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The Major Lift

By Erik Hage

From “A Hard Rain’s A-Gonna Fall” to John Wesley Harding to The Basement Tapes to the more recent Modern Times, Bob Dylan has given us enough American mythopoetic fodder to fill sepia-toned volumes and keep cultural critics searching for aphorisms for the rest of their natural lives. Now, in his late 60s, he seems to have found yet more purchase in the great border towns of his kaleidoscopic imagination. 2006’s Modern Times was a set of polished Americana noir, troubled and spooky and driven by Dylan’s flattened, devastated rasp. (It’s the prophetic voice of an otherworldly crone, warning you away from deep, dark trouble.)

Together Through Life is more murky, more loose, careening at times like an old train: on the blues-boogeying “It’s All Good,” for example, wherein Dylan takes that canned phrase, spinning it out to show that, from the bedrooms to the halls of politics, it’s in fact not good at all, while the band slide along in a trancelike gutbucket drive that calls to mind John Lee Hooker. The album also drums up incantations of the Chess Records of Muddy Waters, Willie Dixon, and Howlin’ Wolf, cursing it with a touch of Dylan’s new- millennium nightshade, particularly on “My Wife’s Hometown,” which manages to tease you with Dixon’s “I Just Wanna Make Love to You” while fulfilling its own black agenda. (“I just wanna say that hell’s my wife’s hometown.”) David Hildago (Los Lobos) lathers accordion everywhere on this album, and guitarist Mike Campbell (Tom Petty) plays it dirty and subtle.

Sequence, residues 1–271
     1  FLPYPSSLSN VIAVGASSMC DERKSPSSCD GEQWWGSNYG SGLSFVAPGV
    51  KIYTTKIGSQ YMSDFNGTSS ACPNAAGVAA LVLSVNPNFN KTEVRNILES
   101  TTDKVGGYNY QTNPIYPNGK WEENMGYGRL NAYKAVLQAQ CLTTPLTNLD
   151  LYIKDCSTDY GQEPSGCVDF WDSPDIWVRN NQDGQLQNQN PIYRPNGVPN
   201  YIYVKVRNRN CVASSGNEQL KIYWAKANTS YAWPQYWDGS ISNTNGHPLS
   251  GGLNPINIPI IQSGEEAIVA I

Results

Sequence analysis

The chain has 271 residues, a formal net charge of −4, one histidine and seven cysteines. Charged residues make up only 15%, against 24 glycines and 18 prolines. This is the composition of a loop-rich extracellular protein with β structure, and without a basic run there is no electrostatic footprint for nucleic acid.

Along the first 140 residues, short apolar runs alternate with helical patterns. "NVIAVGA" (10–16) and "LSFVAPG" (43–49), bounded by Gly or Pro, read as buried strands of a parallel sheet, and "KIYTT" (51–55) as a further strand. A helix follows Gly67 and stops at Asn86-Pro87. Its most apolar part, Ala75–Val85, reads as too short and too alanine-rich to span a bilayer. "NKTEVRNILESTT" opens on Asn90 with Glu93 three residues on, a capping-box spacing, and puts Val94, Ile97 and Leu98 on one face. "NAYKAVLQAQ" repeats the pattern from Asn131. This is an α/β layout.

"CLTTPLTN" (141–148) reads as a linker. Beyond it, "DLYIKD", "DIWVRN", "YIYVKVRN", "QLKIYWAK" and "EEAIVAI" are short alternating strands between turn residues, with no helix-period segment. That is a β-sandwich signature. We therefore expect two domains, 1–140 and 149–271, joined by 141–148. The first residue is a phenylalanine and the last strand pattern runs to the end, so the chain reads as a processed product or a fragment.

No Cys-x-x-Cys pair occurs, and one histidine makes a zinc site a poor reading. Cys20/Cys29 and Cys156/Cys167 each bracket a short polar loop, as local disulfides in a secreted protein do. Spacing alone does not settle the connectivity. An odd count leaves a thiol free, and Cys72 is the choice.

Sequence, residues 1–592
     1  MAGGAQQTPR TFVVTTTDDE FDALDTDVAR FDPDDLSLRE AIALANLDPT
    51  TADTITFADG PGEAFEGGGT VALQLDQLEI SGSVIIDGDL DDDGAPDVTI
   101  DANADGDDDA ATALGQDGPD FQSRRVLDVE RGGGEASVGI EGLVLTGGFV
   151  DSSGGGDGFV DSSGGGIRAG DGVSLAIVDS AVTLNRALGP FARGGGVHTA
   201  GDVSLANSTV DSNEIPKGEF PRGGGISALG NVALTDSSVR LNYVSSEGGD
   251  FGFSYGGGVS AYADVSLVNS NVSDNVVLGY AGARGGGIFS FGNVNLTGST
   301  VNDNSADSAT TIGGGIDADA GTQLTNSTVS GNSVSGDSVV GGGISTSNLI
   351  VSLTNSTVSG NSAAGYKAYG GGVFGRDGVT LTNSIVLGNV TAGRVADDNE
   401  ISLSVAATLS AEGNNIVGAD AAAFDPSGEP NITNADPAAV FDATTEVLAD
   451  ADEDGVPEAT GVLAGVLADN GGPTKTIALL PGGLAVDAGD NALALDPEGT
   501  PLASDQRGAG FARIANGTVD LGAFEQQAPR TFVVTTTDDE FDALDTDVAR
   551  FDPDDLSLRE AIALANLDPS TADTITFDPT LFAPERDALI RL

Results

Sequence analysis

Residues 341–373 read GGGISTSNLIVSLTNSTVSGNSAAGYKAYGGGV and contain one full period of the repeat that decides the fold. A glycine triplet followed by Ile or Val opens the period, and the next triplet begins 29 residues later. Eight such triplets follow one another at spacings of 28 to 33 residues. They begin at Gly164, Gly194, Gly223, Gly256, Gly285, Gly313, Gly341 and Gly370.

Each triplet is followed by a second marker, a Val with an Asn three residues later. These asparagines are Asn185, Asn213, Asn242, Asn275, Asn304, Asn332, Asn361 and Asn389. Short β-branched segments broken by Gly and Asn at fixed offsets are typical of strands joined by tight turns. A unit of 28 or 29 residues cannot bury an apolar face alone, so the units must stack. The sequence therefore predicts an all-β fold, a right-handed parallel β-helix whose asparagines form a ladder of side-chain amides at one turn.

Nevertheless, it’s wrong to compare Dylan to the blues masters or summon up obvious terms like “bayou” or “Tex-Mex.” The Americana that Dylan is plying away at lately is from an America of his own devising, not only the archaic, fantastical one lodged in his imagination but the literal America that he helped create. That was Dylan singing “Only a Pawn in Their Game” at 1963 civil-rights rally. That was Dylan who changed the face of popular music, leading the Beatles, Van Morrison and others into lyrical impressionism. That was Dylan rubbing shoulders with Johnny Cash. Together Through Life is the next, next, next chapter in Dylan’s America, and we’re all stakeholders. This is Dylan’s America and, as he tells it, “beyond here lies nothing but the mountains of the night.” Here lies his best work of the new millennium, spun out in a ramshackle session that is rich as hell.

To turn away from American mythology to Brit pop, Peter Doherty, known on these shores mostly for besotted behavior, has managed to be one of the more interesting English songwriters in recent years, first with the Libertines and later with Babyshambles. For Grace/Wastelands, he turns to burnished tones—sometimes acoustic, sometimes clip-clopping, controlled little Ray Davies rockers. The whole thing reeks of a good kind of Englishness, with producer Stephen Street (The Smiths, Blur) bringing in way-underrated guitarist Graham Coxon (Blur) as ballast. The result is an album of many shades, most of them very appealing: the frosty acoustic tones of “Lady Don’t Fall Backwards,” the wannabe Blur anthem “Last of the English Roses,” the dramatic euro-vamping of “A Little Death Around the Eyes,” the tea-in-the-parlor overtones of “Salome.” Coxon’s steady hand and bristling accents are the perfect foil to Doherty’s beautiful, calculated carelessness, and the seductive textures and strong songwriting on this album keep me coming back to it.